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Studies Find Early European Had Recent Neanderthal Ancestor

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The new study, co-led by Howard Hughes Medical Institute (HHMI) investigator David Reich at Harvard Medical School and Svante Pääbo at the Max Planck Institute in Germany, provides the first genetic evidence that humans interbred with Neanderthals in Europe.

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Ancient Dental Plaque Reveals Healthy Eating and Respiratory Irritants 400,000 Years Ago

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New research conducted by archaeologists from the University of York and the Universitat Autònoma de Barcelona, in collaboration with members of Tel Aviv University, reveals striking insights into the living conditions and dietary choices of those who lived during the Middle Pleistocene some 300,000 - 400,000 years ago.

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What Rabbits Can Tell US About Neanderthal Extinction?

When thinking about the extinction of Neanderthals some 30,000 years ago, rabbits may not be the first thing that spring to mind. But the way rabbits were hunted and eaten by Neanderthals and modern humans – or not, as the case may be – may offer vital clues as to why one species died out while the other flourished.

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Historian Available to Comment on Discovery of Portuguese Slave Ship

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Archaeologists Discover Evidence of Prehistoric Gold Trade Route

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Archaeologists at the University of Southampton have found evidence of an ancient gold trade route between the south-west of the UK and Ireland. A study suggests people were trading gold between the two countries as far back as the early Bronze Age (2500BC).

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Primates’ Understanding of Quantities Offers Clues to the Origins of Human Counting

Monkey see, monkey count—almost. New research from the University of Rochester shows that while monkeys don’t have words or symbols for numbers like we do, they do understand the basic logic behind counting—and that can show us how humans first learned to count.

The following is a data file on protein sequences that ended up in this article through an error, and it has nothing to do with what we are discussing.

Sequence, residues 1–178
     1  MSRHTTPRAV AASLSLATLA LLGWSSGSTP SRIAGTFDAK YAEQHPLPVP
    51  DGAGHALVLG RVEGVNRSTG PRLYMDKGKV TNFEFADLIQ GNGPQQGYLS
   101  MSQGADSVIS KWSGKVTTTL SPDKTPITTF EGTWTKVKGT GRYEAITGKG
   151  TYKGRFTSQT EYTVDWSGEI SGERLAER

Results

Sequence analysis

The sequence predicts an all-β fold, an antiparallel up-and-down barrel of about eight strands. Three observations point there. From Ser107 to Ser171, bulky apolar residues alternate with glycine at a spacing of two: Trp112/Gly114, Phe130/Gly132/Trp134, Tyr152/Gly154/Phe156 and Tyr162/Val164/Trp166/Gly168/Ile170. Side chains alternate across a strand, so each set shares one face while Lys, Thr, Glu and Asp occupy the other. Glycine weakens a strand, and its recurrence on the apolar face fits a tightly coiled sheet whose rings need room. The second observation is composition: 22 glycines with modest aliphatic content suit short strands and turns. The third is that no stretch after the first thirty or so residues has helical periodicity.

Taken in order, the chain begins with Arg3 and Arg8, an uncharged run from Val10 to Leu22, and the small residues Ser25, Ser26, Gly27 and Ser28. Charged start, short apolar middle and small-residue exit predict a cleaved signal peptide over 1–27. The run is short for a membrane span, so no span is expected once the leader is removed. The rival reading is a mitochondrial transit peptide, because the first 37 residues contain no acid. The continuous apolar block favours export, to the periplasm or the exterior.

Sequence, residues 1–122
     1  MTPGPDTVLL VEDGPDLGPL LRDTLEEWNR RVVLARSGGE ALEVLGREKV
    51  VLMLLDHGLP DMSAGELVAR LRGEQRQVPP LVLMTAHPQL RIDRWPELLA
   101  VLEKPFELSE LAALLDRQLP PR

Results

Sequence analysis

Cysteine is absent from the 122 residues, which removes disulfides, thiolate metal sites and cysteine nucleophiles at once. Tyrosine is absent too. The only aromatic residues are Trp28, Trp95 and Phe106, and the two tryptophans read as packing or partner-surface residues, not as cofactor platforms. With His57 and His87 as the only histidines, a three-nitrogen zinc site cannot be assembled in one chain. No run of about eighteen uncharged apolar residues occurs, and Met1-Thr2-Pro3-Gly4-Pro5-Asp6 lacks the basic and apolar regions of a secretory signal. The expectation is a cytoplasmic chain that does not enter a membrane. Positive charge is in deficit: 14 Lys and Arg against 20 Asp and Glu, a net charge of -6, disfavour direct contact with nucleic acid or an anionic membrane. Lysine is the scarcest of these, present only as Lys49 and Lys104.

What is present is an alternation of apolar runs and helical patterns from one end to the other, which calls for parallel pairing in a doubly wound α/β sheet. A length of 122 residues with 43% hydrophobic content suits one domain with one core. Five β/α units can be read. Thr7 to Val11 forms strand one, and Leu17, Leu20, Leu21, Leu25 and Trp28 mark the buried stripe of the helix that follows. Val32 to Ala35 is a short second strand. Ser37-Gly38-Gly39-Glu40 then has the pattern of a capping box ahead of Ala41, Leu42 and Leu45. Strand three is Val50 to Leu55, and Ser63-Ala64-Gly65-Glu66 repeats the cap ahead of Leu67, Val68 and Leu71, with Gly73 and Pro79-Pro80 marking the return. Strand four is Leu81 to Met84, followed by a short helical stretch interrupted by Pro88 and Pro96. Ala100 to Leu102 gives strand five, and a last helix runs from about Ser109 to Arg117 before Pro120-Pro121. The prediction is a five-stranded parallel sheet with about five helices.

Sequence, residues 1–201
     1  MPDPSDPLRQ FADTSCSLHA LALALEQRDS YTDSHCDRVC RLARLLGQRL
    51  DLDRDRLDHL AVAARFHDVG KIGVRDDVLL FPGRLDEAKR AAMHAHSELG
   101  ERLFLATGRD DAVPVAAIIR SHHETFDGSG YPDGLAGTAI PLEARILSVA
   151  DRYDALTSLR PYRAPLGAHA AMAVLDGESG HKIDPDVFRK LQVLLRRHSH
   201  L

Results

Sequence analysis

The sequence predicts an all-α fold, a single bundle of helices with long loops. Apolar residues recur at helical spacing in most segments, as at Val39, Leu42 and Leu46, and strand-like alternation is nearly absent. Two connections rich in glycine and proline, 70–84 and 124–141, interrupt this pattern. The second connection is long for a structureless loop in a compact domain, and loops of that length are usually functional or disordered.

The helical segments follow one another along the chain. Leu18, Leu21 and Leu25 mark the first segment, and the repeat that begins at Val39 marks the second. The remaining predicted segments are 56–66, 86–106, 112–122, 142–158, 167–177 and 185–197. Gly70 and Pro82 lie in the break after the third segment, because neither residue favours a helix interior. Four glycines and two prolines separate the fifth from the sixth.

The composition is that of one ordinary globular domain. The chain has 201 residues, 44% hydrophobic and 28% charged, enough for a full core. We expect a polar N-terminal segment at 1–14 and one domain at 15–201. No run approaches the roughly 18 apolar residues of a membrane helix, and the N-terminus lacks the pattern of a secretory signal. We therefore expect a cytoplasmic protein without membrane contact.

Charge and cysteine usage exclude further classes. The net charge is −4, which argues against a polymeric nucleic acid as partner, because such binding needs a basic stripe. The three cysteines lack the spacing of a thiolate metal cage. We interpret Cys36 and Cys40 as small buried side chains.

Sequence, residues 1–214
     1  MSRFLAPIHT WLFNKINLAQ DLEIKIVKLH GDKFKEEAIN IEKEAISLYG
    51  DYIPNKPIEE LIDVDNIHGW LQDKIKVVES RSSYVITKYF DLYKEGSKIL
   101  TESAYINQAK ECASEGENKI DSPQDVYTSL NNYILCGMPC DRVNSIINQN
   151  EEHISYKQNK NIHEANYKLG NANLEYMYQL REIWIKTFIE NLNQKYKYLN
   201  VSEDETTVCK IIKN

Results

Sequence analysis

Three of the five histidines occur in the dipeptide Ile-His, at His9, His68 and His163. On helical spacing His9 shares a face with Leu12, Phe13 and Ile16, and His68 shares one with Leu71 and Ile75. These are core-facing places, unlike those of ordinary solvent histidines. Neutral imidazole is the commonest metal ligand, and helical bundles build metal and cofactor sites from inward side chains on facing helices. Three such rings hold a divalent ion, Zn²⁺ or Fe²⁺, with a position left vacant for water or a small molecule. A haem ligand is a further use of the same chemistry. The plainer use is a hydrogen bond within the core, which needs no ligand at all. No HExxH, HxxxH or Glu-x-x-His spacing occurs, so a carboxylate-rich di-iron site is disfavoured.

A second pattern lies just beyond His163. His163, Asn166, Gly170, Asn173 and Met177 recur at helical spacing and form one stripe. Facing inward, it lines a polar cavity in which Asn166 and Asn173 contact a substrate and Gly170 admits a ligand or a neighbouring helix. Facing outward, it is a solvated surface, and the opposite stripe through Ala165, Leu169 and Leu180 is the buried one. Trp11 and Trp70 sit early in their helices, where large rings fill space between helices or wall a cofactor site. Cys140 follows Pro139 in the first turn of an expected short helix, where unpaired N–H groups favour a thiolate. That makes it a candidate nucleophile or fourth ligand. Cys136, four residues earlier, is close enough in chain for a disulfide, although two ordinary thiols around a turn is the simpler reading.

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Ancient DNA May Provide Clues into How Past Environments Affected Ancient Populations

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A new study by anthropologists from The University of Texas at Austin shows for the first time that epigenetic marks on DNA can be detected in a large number of ancient human remains, which may lead to further understanding about the effects of famine and disease in the ancient world.

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Lethal Wounds on Skull May Indicate 430,000 Year-Old Murder

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Research into lethal wounds found on a human skull may indicate one of the first cases of murder in human history—some 430,000 years ago—and offers evidence of the earliest funerary practices in the archaeological record.

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Trending Stories Report for 21 May 2015

Trending news releases with the most views in a single day. Topics include: gun regulation, psychology and altruism, big data, threats to coral reefs, extra-terrestrial life, personalized diets, metabolic syndrome and heart health, new drug target to treat arthritis, and archeologists find oldest tools.

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The Neanderthal Dawn Chorus

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Research by Bournemouth University's John Stewart has found that birds living during the Ice Age were larger, with a mixture of birds unlike any seen today, and many species now exotic to Britain living in Northern England.